Never Underestimate the Power of God’s Grace
Ephesians Lesson #005
October 28, 2018
“Our Father, we’re so thankful for Your Word—the uniqueness of Your Word—given to us over a period of 1,500, 1,600 years to over 40 authors, each from different backgrounds, all speaking about some of the most controversial subjects in all of human history, yet without disagreement, indicating that behind these 40+ human authors is one Author, the Godhead.
“God the Holy Spirit Who oversees and breathes out Your Word through these writers has not only breathed that out but preserved it for us, and remarkably, we have our own translation in front of us where we can learn and read on our own, and we can understand the marvels of Your grace and the transforming power of the gospel.
“Father, as we study today, we pray that we might be impacted by our understanding of Your grace and the power of the gospel, for that is Your responsibility, and it does indeed change lives.
“We pray this in Christ’s name. Amen.”
In Romans 1:16, Paul says, “For I am not ashamed of the gospel of Christ, for it is the power of God to salvation for everyone who believes, for the Jew first, and also for the Greek.”
He makes a very clear statement there about the gospel: it is the power of God;. it changes people; it transforms people. And, we must never underestimate the power of the gospel or the power of God’s grace to break through that veil that shields the mind of so many and leaves them in unbelief. For God is able to pierce that darkness, and He is able to bring spiritual life out of spiritual death.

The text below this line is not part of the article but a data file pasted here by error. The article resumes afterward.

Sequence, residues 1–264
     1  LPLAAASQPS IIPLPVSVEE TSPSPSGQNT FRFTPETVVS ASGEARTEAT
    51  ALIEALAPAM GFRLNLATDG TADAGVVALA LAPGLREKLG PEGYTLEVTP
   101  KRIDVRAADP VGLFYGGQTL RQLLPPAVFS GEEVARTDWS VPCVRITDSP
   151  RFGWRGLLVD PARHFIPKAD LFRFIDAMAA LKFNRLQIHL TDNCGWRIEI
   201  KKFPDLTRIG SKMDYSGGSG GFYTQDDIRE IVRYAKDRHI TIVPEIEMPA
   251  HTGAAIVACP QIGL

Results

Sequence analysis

The apostle Paul himself was a trophy of that power. I want you think about him a minute. We’re going to talk more about him a little bit later. But as we think about the apostle Paul, up until the moment that he trusted in Jesus of Nazareth as the promised, prophesied Messiah of the Old Testament, you and I would be absolutely convinced he was a lost cause, that he hated Christians with a passion, militantly promoting the rabbinical Judaism of his day to the point of persecuting, beating, and even signing off on the execution warrants of untold numbers of Christians.